One of Sho Dozono's biggest selling points in his mayoral run is that he's a businessman.

Kicking off his campaign in January, Dozono said, "With my experience in business…I think I'm more than qualified to stand for this office."

But if Dozono wins, those same business bona fides present another problem: how to handle conflicts of interest stemming from his businesses' public-sector contracts.

Dozono has a sizable stake in Broadway Cab, which the city regulates through both a review board whose members are appointed by the commissioner in charge of the Bureau of Licenses (that council member now in charge is the mayor.) And Dozono's chief business, Azumano Travel, is the official travel agent for city of Portland employees and many public agencies around the state.

City ethics rules suggest a Mayor Dozono would either have to sell his ownership stakes, relinquish his existing city contracts, or recuse himself from certain official duties—including discussions on the city's travel budget.

City code requires officials to "avoid financial conflict of interest" and to refrain from participating in decisions that could affect their personal fortunes. The code also prohibits the city from buying goods or services from any city employee, or any business in which the employee's stake was 10 percent or more during the previous year.

Chris Thomas, Portland city attorney from 1977 to 1984, says Dozono's stake in Broadway Cab and Azumano Travel would pose potential or actual conflicts of interest if Dozono is elected mayor.

"Typically, what the person would do would be to err on the side of caution," Thomas says. "He would just say, 'I can't participate in that.'"

Dozono appears ready to sell, if elected. "I'm not the first person to face this issue," Dozono tells WW in an email. "Innovative mayors in San Francisco and New York, for example, have been elected in part because of their business skills, and once in office they divest themselves of ownership interests consistent with the laws in their cities so as to avoid the perception of conflict of interest. I would do the same."

For two decades, Dozono has been in charge of Azumano Travel, founded by his father-in-law, George Azumano, in 1949. Dozono, who owns the business, grew the travel company even as the overall industry was in decline, thanks to deals struck with big corporations and public agencies.

Today, Azumano claims gross annual sales of over $217 million but does not release detailed financial reports.

According to the Airlines Reporting Corporation, Azumano is the country's 13th-largest travel agency, handling over 245,000 bookings in 2006. The prior year, nearly half of Azumano's bookings came from its biggest client, Wells Fargo Bank, according to the Portland Business Journal.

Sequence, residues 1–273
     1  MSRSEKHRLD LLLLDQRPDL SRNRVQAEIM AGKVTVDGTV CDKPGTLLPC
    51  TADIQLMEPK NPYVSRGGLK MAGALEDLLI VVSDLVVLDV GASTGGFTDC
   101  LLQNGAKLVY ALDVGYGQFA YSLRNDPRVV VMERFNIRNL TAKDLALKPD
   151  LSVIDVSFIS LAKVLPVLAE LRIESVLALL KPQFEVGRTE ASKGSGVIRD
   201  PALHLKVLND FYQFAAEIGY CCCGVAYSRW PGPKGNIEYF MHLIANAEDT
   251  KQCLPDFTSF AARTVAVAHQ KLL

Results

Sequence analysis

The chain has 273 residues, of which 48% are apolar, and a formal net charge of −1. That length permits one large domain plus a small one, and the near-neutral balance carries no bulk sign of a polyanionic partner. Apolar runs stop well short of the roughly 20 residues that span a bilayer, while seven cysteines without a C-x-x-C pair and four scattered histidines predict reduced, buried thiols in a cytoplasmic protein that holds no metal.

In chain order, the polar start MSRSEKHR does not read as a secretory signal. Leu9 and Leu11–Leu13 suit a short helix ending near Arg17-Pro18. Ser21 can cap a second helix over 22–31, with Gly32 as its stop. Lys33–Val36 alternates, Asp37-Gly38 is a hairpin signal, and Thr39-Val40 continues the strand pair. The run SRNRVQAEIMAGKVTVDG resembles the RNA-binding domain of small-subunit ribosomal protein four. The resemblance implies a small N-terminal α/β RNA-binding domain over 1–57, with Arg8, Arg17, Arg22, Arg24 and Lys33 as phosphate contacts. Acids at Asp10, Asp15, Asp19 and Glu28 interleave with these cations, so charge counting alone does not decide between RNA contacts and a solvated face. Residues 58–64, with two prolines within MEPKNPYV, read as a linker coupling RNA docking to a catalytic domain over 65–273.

Dozono says 6 percent of his business comes from public-sector contracts. WW's analysis, however, of other sources such as industry group reports and public documents suggests about two-thirds of Azumano's non-Wells Fargo business comes from public agencies.

Azumano is the exclusive travel agent for state employees in Oregon, with a contract worth at least $5 million. It is also the exclusive online booking agent for Washington state employees, a deal worth $220,000.

The original Oregon contract was non-competitive, because no other agencies responded to the state's solicitation for bids in 2000 (see "Sho Dozono's Rules," WW, Oct. 30, 2002). The contract, renewed in 2006, expires at the end of this year.

River City Travel president David McElveen says his company lost its bid for the state travel contract in 2005, and that he wishes the state would consider using multiple contractors to save money. (The Port of Portland, where Dozono used to serve as a commissioner, has used River City Travel since 2006.)

The state deal also gave Dozono's company access to many more markets. Under Oregon's "cooperative purchase" program, cities, universities and other public bodies can avoid competitive-bidding requirements by paying a fee to participate in existing state contracts.

That's how Azumano came to be the city of Portland's travel agent. The city spent $1.2 million on travel in the fiscal year ending in July 2007, including air fare, hotel and meals.

Azumano is not Dozono's only business that could pose a conflict of interest if he became mayor. Dozono has an 18 percent stake in Broadway Cab, though he says he has no day-to-day responsibilities.

Besides being regulated by the city's Bureau of Licenses, Broadway Cab has a $730,000 agreement with Portland Public Schools from 2006 through 2009 to pick up homeless kids on an as-needed basis.

The City Council does not oversee schools. But Dozono is a board member emeritus of the Portland Schools Foundation, which some reckon to be more powerful than the School Board.


Dozono also owns Bush Garden Japanese restaurant on Southwest Morrison Street. The last significant violation recorded by Multnomah County health inspectors occurred in May 2007, when the kitchen stored raw beef and chicken over vegetables. Penalty: nada.